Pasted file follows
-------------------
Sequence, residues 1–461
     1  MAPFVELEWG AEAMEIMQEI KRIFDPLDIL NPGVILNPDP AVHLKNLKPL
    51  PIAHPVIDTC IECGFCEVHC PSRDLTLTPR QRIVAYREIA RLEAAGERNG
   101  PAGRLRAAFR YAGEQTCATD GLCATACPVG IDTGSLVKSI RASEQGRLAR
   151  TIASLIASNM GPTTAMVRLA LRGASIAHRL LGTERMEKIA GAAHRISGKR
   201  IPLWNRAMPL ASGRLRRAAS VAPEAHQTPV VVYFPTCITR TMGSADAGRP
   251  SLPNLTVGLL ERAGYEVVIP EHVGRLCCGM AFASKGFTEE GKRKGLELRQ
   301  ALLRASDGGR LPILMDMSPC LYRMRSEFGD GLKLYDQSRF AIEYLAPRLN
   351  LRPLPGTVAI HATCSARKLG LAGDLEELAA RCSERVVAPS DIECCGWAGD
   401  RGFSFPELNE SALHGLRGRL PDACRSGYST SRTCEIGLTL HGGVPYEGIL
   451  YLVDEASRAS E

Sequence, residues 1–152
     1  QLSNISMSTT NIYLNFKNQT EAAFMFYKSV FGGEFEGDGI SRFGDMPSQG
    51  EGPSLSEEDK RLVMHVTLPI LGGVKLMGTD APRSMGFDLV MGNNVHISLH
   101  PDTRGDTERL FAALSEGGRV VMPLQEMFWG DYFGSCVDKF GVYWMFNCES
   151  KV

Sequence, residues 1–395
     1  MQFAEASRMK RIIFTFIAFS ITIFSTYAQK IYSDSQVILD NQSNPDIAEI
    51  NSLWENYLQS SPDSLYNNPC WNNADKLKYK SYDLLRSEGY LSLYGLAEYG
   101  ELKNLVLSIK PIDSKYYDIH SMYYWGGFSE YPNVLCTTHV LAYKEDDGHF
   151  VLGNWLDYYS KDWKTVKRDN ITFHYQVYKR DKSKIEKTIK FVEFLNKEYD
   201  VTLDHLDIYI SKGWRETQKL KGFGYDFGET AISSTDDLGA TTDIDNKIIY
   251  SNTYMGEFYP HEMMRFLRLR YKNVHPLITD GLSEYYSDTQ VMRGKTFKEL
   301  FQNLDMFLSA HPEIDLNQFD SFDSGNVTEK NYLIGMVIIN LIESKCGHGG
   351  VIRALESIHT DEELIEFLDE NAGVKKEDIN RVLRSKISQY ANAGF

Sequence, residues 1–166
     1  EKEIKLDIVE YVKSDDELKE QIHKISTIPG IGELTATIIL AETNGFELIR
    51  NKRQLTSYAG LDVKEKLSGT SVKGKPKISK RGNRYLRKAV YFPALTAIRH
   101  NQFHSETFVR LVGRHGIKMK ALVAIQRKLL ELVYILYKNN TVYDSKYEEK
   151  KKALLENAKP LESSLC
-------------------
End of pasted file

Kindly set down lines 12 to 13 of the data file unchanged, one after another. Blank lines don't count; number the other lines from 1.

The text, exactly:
Sequence, residues 1–152
     1  QLSNISMSTT NIYLNFKNQT EAAFMFYKSV FGGEFEGDGI SRFGDMPSQG